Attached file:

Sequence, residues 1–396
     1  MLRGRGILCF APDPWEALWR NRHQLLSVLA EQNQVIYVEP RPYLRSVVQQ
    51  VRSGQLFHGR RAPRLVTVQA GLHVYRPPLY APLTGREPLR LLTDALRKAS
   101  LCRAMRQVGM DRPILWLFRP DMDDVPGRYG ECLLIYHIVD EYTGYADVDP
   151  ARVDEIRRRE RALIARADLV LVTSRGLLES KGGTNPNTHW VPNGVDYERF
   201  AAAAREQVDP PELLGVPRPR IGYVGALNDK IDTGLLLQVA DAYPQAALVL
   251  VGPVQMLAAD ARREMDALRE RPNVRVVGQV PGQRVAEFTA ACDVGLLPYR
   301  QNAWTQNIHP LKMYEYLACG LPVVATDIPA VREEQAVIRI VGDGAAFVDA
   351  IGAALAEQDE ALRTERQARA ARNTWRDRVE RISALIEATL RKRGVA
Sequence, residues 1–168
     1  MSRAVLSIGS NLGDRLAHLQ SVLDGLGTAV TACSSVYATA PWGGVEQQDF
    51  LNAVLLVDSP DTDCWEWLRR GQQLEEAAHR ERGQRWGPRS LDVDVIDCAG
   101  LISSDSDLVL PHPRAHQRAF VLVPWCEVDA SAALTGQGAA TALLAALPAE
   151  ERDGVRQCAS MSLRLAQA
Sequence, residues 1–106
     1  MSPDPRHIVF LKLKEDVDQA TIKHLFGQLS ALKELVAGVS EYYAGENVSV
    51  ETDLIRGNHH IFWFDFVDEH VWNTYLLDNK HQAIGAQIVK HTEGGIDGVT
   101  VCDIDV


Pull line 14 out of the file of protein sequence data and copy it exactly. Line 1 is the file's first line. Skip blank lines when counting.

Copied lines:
   151  ERDGVRQCAS MSLRLAQA